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EPA Proposes Tougher Sulfur Dioxide Regulations

Coal fired powerplants and electric rates would be affected.

by on Nov.20, 2009


The largest sources of SO2 emissions are from fossil fuel combustion at powerplants.

For the first time in four decades, the Environmental Protection Agency is proposing to tighten the sulfur dioxide (SO2) air quality standard to protect public health. Power plants and other industrial facilities emit SO2 directly into the air.

Exposure to SO2 can aggravate asthma, cause respiratory difficulties, and result in emergency room visits and hospitalization. People with asthma, children, and the elderly are especially vulnerable to SO2’s effects.

“Short-term exposures to peak SO2 levels can have significant health effects – especially for children and the elderly – and leave our families and taxpayers saddled with high health care costs,” said EPA Administrator Lisa P. Jackson.

“We’re strengthening clean air standards, stepping up monitoring and reporting in communities most in need, and providing the American people with protections they rightly deserve,” Jackson said.

Since 40% of the nation’s electricity is generated by coal-powered plants, a new standard that is as low as the 50 parts per billion (ppb) that environmental groups are calling for, the rule could have negative effects on electric rates and the operating costs of electric vehicles.

Environmental groups are of course touting EVs as the green cars of the future, but they are costly, and so compromised in performance and packaging that it is not clear that a mass market exists for them.

Get the Dirt on Clean!

Get the Dirt on Clean!

The marketing problem is compounded by advances in direct-injection gasoline engines and refined hybrid technologies that are significantly increasing fuel economy, thereby decreasing greenhouse gas emissions, at a fraction of the price of EVs and with no need for costly infrastructure changes.

EPA is taking comments on a proposal to establish a new national one-hour SO2 standard, between 50 and 100 ppb. This standard is said to protect against short-term exposures ranging from five minutes to 24 hours. Because the revised standards would be more protective, EPA is proposing to revoke the current 24-hour and annual SO2 health standards.

EPA also is proposing changes to monitoring and reporting requirements for SO2. Monitors would be placed in areas with high SO2 emission levels as well as in urban areas. The proposal also would change the Air Quality Index to reflect the revised SO2 standards.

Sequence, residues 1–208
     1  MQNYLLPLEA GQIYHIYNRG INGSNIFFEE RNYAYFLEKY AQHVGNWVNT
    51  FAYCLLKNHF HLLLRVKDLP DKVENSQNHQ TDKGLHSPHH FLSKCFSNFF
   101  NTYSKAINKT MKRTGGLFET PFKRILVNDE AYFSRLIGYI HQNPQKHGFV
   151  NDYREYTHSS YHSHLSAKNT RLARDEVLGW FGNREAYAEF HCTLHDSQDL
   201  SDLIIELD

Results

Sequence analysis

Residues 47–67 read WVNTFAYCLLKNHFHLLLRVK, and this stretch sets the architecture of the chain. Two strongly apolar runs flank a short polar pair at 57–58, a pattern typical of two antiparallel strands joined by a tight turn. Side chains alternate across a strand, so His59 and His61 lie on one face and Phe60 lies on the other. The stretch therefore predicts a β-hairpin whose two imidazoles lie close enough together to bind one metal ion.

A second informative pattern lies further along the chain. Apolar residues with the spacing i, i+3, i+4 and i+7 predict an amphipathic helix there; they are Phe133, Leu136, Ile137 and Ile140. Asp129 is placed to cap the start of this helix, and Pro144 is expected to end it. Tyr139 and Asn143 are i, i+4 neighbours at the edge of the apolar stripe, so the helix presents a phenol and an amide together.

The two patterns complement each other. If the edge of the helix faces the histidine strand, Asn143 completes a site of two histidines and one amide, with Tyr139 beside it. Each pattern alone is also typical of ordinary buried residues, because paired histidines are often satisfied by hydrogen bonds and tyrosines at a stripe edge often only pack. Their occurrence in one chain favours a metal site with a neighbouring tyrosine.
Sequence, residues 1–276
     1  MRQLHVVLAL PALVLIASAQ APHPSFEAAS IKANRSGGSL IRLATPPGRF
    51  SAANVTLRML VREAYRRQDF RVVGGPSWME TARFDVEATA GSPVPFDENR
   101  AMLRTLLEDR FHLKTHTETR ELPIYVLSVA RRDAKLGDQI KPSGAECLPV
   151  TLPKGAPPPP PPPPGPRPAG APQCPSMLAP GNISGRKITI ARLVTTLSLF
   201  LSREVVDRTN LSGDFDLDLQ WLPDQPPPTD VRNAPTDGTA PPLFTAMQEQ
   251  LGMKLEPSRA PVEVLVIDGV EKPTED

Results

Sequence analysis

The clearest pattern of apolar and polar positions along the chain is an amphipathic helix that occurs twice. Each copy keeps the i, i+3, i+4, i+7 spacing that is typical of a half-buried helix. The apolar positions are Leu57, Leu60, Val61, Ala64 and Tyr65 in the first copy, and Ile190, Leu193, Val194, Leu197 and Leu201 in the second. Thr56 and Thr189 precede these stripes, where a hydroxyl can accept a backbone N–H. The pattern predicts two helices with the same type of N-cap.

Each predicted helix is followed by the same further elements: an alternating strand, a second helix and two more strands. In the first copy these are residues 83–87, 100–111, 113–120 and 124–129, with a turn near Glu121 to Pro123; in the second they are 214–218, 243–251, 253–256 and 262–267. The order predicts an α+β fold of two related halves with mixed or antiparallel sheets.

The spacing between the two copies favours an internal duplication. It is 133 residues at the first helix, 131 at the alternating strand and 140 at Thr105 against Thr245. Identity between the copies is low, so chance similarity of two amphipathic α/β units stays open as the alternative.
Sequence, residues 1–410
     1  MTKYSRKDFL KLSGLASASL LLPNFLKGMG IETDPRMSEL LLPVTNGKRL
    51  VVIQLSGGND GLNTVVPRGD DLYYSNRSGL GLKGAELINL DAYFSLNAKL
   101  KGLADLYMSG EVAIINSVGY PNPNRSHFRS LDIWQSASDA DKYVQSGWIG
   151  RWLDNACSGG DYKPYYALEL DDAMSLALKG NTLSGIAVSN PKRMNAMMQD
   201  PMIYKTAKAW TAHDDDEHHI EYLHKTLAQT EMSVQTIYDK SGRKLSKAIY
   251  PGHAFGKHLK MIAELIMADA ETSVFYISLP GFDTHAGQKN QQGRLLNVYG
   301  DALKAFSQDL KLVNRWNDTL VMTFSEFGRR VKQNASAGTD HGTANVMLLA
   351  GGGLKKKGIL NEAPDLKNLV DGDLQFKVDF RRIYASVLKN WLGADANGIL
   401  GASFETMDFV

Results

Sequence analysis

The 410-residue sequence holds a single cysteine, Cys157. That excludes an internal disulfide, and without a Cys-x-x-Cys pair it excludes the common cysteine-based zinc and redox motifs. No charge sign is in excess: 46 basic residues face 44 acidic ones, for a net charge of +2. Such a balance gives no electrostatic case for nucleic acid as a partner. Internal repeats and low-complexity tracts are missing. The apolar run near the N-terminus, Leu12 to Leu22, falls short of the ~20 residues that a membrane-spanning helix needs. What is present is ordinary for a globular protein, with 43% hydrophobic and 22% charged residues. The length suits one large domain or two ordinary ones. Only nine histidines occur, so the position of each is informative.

This change, according to EPA, would improve states’ ability to alert the public when short-term SO2 levels may affect their health. The proposal addresses only the SO2 primary standards, which are designed to protect public health. EPA will address the secondary standard – designed to protect the public welfare, including the environment – as part of a separate proposal in 2011.

Sulfur dioxide (SO2) is one of a group of highly reactive gasses known as “oxides of sulfur.”  The largest sources of SO2 emissions are from fossil fuel combustion at powerplants (66%) and other industrial facilities (29%).

Smaller sources of SO2 emissions include industrial processes, such as extracting metal from ore, and the burning of high sulfur containing fuels by locomotives, large ships, and non-road equipment.

EPA first set standards for SO2 in 1971. EPA set a 24-hour primary standard at 140 ppb and an annual average standard at 30 ppb (to protect health).  EPA also set a 3-hour average secondary standard at 500 ppb (to protect the public welfare).

The last review of the SO2 NAAQS was completed in 1996 and the Agency chose not to revise the standards. In the last review, EPA also considered, but did not set, a five minute NAAQS to protect asthmatics at elevated ventilation rates from bronchoconstriction and respiratory symptoms associated with 5-10 minute peaks of SO2.

The public comment period will be open for 60 days after the proposal is published in the Federal Register. The agency will hold a public hearing on Jan. 5, 2010 in Atlanta. EPA must issue final standards by June 2, 2010.

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